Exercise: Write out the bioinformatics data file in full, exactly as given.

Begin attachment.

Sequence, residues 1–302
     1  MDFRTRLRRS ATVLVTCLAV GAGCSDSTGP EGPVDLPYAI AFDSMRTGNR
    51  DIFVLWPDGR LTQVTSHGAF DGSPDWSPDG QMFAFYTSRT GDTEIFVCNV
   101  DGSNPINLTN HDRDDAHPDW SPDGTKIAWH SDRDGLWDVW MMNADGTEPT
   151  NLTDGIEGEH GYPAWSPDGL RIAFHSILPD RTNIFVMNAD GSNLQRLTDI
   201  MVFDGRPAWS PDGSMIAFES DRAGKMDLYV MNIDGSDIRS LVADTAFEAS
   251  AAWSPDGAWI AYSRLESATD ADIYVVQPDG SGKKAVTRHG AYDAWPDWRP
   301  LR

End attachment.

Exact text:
Sequence, residues 1–302
     1  MDFRTRLRRS ATVLVTCLAV GAGCSDSTGP EGPVDLPYAI AFDSMRTGNR
    51  DIFVLWPDGR LTQVTSHGAF DGSPDWSPDG QMFAFYTSRT GDTEIFVCNV
   101  DGSNPINLTN HDRDDAHPDW SPDGTKIAWH SDRDGLWDVW MMNADGTEPT
   151  NLTDGIEGEH GYPAWSPDGL RIAFHSILPD RTNIFVMNAD GSNLQRLTDI
   201  MVFDGRPAWS PDGSMIAFES DRAGKMDLYV MNIDGSDIRS LVADTAFEAS
   251  AAWSPDGAWI AYSRLESATD ADIYVVQPDG SGKKAVTRHG AYDAWPDWRP
   301  LR